Jim Crow trains put black passengers at risk

On this day in 1911: In Hamlet a freight train and a passenger train collide head-on, killing seven passengers and injuring 25. The passenger train had been loaded with Durham Sunday school members on an excursion to Charlotte.

“Jim Crow service, using old wooden cars sandwiched between the newer steel ones, [subjected] those in the wooden cars to extreme danger…. ” Jean Bradley Anderson writes in “Durham County.” “In the collision the wooden cars had splintered and compacted like accordions.”

A Charlotte Observer correspondent reported from the scene that “An old railroad man expressed the opinion… that the frail construction of the cars had something to do with the great damage.”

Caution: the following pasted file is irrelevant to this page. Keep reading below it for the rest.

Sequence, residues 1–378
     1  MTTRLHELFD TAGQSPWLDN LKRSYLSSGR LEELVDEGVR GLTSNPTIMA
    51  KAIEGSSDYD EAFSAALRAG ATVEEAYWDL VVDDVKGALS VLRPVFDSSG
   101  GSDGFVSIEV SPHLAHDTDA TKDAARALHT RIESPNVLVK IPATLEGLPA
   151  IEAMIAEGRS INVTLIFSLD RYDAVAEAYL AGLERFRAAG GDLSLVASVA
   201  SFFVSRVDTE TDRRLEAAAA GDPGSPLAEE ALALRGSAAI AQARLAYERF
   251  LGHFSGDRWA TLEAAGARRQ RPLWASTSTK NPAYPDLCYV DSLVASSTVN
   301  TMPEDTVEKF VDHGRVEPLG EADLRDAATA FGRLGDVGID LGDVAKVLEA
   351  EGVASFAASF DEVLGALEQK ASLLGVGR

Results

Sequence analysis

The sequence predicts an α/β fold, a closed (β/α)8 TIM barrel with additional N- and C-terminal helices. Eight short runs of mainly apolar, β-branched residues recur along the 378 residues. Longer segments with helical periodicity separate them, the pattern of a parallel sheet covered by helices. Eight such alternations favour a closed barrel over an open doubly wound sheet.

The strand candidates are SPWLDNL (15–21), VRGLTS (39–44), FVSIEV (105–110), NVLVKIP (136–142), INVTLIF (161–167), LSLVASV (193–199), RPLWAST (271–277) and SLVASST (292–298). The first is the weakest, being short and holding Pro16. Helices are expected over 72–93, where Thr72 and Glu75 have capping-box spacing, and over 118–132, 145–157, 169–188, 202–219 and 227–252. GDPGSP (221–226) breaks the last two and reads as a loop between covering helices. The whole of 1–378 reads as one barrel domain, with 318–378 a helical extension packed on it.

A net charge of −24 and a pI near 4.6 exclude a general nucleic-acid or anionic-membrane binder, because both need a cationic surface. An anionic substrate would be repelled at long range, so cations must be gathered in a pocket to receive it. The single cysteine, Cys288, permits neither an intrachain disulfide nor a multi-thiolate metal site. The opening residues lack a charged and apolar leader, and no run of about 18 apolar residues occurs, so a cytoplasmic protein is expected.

Black leaders would later call for railroad regulations to require either all wood or all steel cars on each train.


3 thoughts on “Jim Crow trains put black passengers at risk”

  1. Seems to be some dispute about the number of deaths. Anderson says 7, and Steve Massengill (“Durham, North Carolina: A Postcard History,” 1997) says 9.

  2. Hello, I located your post while doing some research for an assignment in school, and I’m glad I did. It is interesting, both historically and socially, as it provides clear insight of a time in American history when legislated discrimination was acceptable, as Negro citizens were normally encouraged to use sub-standard and ill-equipped materials and goods. No matter if there were 7 or 9 deaths, the bottom line is, if proper and safe equipment had been provided, the deaths may not have occurred. I found Prof. Brown’s ballad especially moving. Thank you for sharing.

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